Safi power station

From Global Energy Monitor
This article is part of the CoalSwarm coverage of Morocco and coal
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The Safi power station is a 1,386-megawatt (MW) coal-fired power station in Cap Ghir Safi, Morocco.

Location

The photo below shows the plant in Cap Ghir Safi, Morocco.

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Background

GDF Suez (now Engie) and Nareva won the US$2.68 billion tender to build and operate the plant in 2010, and Mitsui joined the venture in 2013, and became the Safi Energy Company. In September 2013, L’Electricité et de l’Eau Potable and Safi Energy Company entered into a 30-year "Power Purchase Agreement" for the Safi coal-fired power project. The project includes the construction and operation of a 2 × 693 MW ultra-supercritical coal-fired power plant in the coastal Safi region and the sale of electricity to Morocco's national utility ONEE for 30 years following completion of the plant.[1]

The project cost was estimated at US$2.6 billion. Safi Energy secured the financing in 2014, including US$900 million from the Bank of Japan, $500 million from Moroccan banks Attijariwafa Bank and BMCE Bank, and $485 million from international banks from France and Britain. The plant was expected to be completed in 2018.[2]

Construction began in 2015 and was carried out by Daewoo Engineering & Construction, with O&M provided by Safi Energy Company. The total investment was US$2.6 billion.[3]

In February 2018, it was reported that plant contractor Daewoo Engineering and Construction was expected to face losses of up to US$400 million in the US$1.8 billion project as the heating facilities of the plant broke during test operations under construction.[4]

The plant began operation in December 2018.[5][6]

Financing

In September 2014, a financing agreement for the project closed. US$2,103 million in loans were provided by Japan Bank for International Cooperation, Mizuho Financial Group, Sumitomo Mitsui Banking Corporation, Sumitomo Mitsui Financial Group, Societe Generale, Credit Agricole Group, BNP Paribas, MUFG Bank, Islamic Development Bank, Attijariwafa Bank, and Banque Centrale Populaire de Maroc. US$520 million in equity was provided by Nareva Holding, Engie, and Mitsui & Co. HSBC acted as the financial adviser to the National Electricity Office.[7]

Opposition

On March 29, 2014, hundreds demonstrated on the Atlantic coast of Morocco, against the establishment of the Safi power station. Protestors argued that it could increase air pollution for years. The Safi power station is near one of the most important ports country as well as an industrial complex of transformation of phosphate.[8] On September 21st, 2014, the Network for the Defense of the Environment organized a protest against the Safi plant, in relation to a United Nations Climate Summit. The Environmental Defense Network also denounced the Safi thermal project and called on citizens to join the opposition. They cited concerns for carbon emissions and chemical gases.[9]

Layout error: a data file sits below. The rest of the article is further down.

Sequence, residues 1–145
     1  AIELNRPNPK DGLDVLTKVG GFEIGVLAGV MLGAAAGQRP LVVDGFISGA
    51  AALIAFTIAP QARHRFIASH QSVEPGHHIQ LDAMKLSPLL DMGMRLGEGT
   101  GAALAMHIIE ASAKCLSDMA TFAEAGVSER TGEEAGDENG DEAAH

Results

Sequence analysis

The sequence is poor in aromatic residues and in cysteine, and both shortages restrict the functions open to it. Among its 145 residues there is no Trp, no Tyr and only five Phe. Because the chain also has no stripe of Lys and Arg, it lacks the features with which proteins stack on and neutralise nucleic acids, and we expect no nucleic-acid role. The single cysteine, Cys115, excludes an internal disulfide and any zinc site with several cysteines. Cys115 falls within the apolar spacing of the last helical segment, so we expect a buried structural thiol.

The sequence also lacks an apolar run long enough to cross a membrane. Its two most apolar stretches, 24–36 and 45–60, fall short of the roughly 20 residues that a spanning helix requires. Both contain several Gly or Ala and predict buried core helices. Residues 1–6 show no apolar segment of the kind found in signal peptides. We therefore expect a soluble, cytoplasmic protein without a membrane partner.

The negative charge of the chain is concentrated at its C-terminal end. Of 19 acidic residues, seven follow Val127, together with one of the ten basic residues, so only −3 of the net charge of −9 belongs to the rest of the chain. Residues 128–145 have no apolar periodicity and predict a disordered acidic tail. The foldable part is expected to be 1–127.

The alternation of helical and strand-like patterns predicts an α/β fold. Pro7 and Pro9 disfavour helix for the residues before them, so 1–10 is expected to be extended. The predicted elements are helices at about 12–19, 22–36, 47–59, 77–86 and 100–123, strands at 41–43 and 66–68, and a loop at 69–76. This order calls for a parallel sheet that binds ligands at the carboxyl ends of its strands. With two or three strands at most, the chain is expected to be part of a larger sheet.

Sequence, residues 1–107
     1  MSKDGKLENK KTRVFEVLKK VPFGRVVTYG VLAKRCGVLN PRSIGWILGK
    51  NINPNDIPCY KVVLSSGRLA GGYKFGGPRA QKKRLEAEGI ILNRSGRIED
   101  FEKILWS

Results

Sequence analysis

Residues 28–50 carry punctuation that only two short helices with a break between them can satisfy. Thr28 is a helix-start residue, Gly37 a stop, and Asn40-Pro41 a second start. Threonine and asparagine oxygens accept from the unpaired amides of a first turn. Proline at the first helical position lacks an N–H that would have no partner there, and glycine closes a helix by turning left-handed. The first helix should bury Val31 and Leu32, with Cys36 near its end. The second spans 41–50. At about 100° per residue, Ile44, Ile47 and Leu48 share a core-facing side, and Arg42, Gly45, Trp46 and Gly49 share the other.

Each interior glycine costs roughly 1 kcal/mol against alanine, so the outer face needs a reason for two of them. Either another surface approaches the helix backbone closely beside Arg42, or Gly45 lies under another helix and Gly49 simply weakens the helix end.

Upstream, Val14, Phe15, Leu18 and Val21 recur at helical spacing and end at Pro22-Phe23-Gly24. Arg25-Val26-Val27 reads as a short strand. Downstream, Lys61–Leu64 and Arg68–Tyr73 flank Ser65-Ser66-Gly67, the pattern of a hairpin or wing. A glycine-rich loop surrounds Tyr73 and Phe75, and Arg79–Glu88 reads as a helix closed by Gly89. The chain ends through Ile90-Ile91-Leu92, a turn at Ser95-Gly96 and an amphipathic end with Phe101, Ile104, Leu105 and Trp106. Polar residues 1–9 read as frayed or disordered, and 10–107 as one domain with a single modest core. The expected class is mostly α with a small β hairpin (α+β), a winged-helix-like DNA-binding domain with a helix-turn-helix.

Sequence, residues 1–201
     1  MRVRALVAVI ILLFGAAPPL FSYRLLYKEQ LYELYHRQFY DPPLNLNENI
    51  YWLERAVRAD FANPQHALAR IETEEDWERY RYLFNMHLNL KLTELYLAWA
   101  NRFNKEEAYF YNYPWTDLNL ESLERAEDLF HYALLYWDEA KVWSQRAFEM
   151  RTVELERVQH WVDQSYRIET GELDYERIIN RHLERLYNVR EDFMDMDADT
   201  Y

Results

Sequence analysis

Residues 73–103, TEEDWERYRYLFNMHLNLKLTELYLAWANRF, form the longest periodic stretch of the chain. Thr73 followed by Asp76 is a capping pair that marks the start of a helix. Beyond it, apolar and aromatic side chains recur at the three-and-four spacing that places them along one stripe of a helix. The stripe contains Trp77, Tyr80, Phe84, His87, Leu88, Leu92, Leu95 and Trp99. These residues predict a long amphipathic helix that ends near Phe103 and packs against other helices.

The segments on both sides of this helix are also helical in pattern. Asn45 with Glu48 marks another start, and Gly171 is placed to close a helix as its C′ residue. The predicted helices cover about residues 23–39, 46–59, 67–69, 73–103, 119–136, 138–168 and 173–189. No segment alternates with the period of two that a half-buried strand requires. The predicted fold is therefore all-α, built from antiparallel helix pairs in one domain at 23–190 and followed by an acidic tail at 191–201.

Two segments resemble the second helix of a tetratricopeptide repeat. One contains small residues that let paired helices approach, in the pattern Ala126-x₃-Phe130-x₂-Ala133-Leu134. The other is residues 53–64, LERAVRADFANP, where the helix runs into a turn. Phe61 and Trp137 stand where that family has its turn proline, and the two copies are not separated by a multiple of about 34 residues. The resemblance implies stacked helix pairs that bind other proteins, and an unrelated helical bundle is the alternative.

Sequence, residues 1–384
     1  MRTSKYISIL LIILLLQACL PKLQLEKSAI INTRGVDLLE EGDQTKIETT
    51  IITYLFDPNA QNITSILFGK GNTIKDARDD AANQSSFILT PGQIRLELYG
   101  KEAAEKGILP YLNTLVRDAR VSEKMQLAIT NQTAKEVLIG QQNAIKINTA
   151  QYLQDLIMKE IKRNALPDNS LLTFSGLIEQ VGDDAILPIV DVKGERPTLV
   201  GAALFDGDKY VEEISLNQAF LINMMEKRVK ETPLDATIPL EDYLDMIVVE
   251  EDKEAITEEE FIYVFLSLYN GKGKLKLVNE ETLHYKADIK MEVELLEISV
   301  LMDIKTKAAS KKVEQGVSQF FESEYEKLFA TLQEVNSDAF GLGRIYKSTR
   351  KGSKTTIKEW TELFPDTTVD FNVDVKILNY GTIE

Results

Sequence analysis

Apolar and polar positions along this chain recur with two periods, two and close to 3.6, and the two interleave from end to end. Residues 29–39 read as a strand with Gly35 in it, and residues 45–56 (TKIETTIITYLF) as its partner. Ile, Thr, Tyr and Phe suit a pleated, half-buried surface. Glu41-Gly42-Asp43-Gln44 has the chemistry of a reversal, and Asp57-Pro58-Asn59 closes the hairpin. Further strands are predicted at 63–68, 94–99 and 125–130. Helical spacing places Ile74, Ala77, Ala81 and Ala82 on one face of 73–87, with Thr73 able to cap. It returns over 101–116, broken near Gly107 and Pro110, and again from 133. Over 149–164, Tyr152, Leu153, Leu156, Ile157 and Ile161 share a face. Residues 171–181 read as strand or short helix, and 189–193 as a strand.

In mid-2017, residents near the Safi power plant opposed the plant in fear of the greed of companies and seizure of lands. They also feared mysterious fumes in the neighborhood.[10]

In 2019, private citizens also posted on Facebook, regarding the Safi power plant and opposition.[11]

A private citizen also released an article, highlighting how they are tired of pollution and exploitations from the city of Safi, resulting in unemployment and lack of political action. They cite that a number of city activists have protested the Safi thermal station as an extreme danger to the environment and a possible cause of air pollution.[12]

Project Details

  • Sponsor: Safi Energy Company
  • Parent company: Engie (35%), Nareva Holding (35%), Mitsui (30%)
  • Location: Cap Ghir Safi, Morocco
  • Coordinates: 32.1491154, -9.2822943 (exact)
  • Status: Operating
  • Capacity: 1,386 MW (Units 1-2: 693 MW)
  • Type: Ultra-supercritical
  • Start year: 2018
  • Coal Type:
  • Coal Source:
  • Source of financing: US$2,103 million in debt from Japan Bank for International Cooperation, Mizuho Financial Group, Sumitomo Mitsui Banking Corporation, Sumitomo Mitsui Financial Group, Societe Generale, Credit Agricole Group, BNP Paribas, MUFG Bank, Islamic Development Bank, Attijariwafa Bank, and Banque Centrale Populaire de Maroc; US$520 million in equity from Nareva Holding, Engie, and Mitsui & Co[7]

Articles and resources

References

  1. "Power Purchase Agreement signed for Safi independent power project (2x693 MW) in Morocco" GDF Suez, September 10, 2013.
  2. "Safi independent power project (2x693 MW) in Morocco reaches Financial Close and will start construction," GDF Suez, Sep 18, 2014
  3. "Safi Power Plant, Morocco," Heidelberg Cement, accessed May 2017
  4. "Daewoo E&C faces big loss in Morocco," Korea Times, Feb 8, 2018
  5. "Spain to build 700 MW cable with Morocco amid import surge," Montel, February 15, 2019
  6. "Spain could use by-pass clause to fend off Moroccan power exports," S&P Global, May 9, 2019
  7. 7.0 7.1 "Preview of Safi Coal-fired Power Plant (IPP) (1320MW) | Transaction | IJGlobal". ijglobal.com. Retrieved 2020-12-10.
  8. "The thermal power station which revolts the Moroccans of Safi", France 24, Translated by Google, April 2, 2014.
  9. "A local network criticizes the Safi Thermal Power Project", Ibrahim Maghraoui, Translated by Google, September 22, 2014.
  10. "The coal burning experiments at the Safi Thermal Station raise residents’ fears of their mysterious fumes", Lakome2, Translated by Google, September 19, 2017.
  11. "Facebook Posts", حملة خنقتونا بآسفي, Translated by Google, October 18, 2019.
  12. "Triad of pollution…", Anwal Press, Translated by Google.

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